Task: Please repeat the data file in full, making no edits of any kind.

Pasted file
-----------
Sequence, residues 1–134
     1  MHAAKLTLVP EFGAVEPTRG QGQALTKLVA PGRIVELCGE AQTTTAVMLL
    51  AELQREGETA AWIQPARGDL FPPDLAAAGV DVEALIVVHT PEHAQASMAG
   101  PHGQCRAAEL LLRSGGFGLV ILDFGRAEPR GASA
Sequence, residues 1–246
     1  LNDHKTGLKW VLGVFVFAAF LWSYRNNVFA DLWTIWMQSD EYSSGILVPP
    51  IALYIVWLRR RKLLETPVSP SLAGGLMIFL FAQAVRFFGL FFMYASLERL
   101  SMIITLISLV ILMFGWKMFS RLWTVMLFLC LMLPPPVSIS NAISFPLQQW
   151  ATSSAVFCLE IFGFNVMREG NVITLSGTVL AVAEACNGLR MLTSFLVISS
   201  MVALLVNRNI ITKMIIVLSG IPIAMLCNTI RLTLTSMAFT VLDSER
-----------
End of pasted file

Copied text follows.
Sequence, residues 1–134
     1  MHAAKLTLVP EFGAVEPTRG QGQALTKLVA PGRIVELCGE AQTTTAVMLL
    51  AELQREGETA AWIQPARGDL FPPDLAAAGV DVEALIVVHT PEHAQASMAG
   101  PHGQCRAAEL LLRSGGFGLV ILDFGRAEPR GASA
Sequence, residues 1–246
     1  LNDHKTGLKW VLGVFVFAAF LWSYRNNVFA DLWTIWMQSD EYSSGILVPP
    51  IALYIVWLRR RKLLETPVSP SLAGGLMIFL FAQAVRFFGL FFMYASLERL
   101  SMIITLISLV ILMFGWKMFS RLWTVMLFLC LMLPPPVSIS NAISFPLQQW
   151  ATSSAVFCLE IFGFNVMREG NVITLSGTVL AVAEACNGLR MLTSFLVISS
   201  MVALLVNRNI ITKMIIVLSG IPIAMLCNTI RLTLTSMAFT VLDSER